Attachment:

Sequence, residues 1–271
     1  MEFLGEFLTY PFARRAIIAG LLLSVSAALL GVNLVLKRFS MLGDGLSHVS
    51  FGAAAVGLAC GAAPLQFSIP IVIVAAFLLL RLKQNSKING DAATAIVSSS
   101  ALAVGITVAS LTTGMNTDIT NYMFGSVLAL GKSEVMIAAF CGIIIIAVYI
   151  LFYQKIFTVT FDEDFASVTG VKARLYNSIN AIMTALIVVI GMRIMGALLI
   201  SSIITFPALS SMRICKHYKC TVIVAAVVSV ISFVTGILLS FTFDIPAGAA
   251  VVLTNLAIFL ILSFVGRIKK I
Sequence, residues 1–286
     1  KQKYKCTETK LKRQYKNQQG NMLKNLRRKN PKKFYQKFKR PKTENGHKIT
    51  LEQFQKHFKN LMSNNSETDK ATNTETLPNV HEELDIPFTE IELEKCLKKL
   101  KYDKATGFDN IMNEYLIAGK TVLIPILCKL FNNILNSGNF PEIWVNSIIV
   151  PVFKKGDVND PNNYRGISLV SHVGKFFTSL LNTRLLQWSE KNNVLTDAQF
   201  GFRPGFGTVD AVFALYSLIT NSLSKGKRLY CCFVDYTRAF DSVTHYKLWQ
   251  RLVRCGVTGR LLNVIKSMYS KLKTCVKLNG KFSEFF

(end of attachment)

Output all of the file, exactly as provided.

Sequence, residues 1–271
     1  MEFLGEFLTY PFARRAIIAG LLLSVSAALL GVNLVLKRFS MLGDGLSHVS
    51  FGAAAVGLAC GAAPLQFSIP IVIVAAFLLL RLKQNSKING DAATAIVSSS
   101  ALAVGITVAS LTTGMNTDIT NYMFGSVLAL GKSEVMIAAF CGIIIIAVYI
   151  LFYQKIFTVT FDEDFASVTG VKARLYNSIN AIMTALIVVI GMRIMGALLI
   201  SSIITFPALS SMRICKHYKC TVIVAAVVSV ISFVTGILLS FTFDIPAGAA
   251  VVLTNLAIFL ILSFVGRIKK I
Sequence, residues 1–286
     1  KQKYKCTETK LKRQYKNQQG NMLKNLRRKN PKKFYQKFKR PKTENGHKIT
    51  LEQFQKHFKN LMSNNSETDK ATNTETLPNV HEELDIPFTE IELEKCLKKL
   101  KYDKATGFDN IMNEYLIAGK TVLIPILCKL FNNILNSGNF PEIWVNSIIV
   151  PVFKKGDVND PNNYRGISLV SHVGKFFTSL LNTRLLQWSE KNNVLTDAQF
   201  GFRPGFGTVD AVFALYSLIT NSLSKGKRLY CCFVDYTRAF DSVTHYKLWQ
   251  RLVRCGVTGR LLNVIKSMYS KLKTCVKLNG KFSEFF